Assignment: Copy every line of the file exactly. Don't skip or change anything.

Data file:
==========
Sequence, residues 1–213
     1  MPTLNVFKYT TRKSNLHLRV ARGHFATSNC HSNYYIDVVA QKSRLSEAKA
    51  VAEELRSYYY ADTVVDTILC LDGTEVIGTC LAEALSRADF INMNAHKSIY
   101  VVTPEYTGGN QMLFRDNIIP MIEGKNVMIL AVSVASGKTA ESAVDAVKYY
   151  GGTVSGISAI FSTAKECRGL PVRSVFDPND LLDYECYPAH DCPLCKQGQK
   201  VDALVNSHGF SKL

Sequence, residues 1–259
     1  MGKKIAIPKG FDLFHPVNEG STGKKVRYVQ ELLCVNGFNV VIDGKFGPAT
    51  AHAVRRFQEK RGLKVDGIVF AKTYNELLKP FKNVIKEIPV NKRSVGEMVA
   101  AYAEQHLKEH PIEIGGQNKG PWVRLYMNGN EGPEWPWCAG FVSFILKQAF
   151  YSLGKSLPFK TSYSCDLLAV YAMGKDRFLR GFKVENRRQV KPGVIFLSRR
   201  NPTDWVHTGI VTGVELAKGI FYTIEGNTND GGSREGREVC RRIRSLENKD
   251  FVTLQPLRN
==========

Sequence, residues 1–213
     1  MPTLNVFKYT TRKSNLHLRV ARGHFATSNC HSNYYIDVVA QKSRLSEAKA
    51  VAEELRSYYY ADTVVDTILC LDGTEVIGTC LAEALSRADF INMNAHKSIY
   101  VVTPEYTGGN QMLFRDNIIP MIEGKNVMIL AVSVASGKTA ESAVDAVKYY
   151  GGTVSGISAI FSTAKECRGL PVRSVFDPND LLDYECYPAH DCPLCKQGQK
   201  VDALVNSHGF SKL

Sequence, residues 1–259
     1  MGKKIAIPKG FDLFHPVNEG STGKKVRYVQ ELLCVNGFNV VIDGKFGPAT
    51  AHAVRRFQEK RGLKVDGIVF AKTYNELLKP FKNVIKEIPV NKRSVGEMVA
   101  AYAEQHLKEH PIEIGGQNKG PWVRLYMNGN EGPEWPWCAG FVSFILKQAF
   151  YSLGKSLPFK TSYSCDLLAV YAMGKDRFLR GFKVENRRQV KPGVIFLSRR
   201  NPTDWVHTGI VTGVELAKGI FYTIEGNTND GGSREGREVC RRIRSLENKD
   251  FVTLQPLRN